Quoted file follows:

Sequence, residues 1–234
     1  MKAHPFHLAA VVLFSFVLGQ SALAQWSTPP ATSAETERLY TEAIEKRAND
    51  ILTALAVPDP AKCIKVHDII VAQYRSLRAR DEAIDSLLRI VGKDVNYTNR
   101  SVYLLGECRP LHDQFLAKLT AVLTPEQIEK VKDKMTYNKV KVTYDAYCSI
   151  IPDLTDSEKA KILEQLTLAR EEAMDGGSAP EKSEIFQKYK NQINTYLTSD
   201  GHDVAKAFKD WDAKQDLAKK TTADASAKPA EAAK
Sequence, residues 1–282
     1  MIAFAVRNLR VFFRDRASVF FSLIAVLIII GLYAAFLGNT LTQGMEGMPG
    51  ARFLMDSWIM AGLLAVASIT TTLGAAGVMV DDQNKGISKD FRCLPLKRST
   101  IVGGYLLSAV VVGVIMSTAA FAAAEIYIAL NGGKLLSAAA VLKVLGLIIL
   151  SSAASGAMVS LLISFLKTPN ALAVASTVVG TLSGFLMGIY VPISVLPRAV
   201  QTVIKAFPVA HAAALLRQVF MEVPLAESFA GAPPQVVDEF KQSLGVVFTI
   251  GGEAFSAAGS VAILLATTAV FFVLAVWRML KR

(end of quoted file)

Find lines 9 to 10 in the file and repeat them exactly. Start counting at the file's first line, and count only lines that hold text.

    51  ARFLMDSWIM AGLLAVASIT TTLGAAGVMV DDQNKGISKD FRCLPLKRST
   101  IVGGYLLSAV VVGVIMSTAA FAAAEIYIAL NGGKLLSAAA VLKVLGLIIL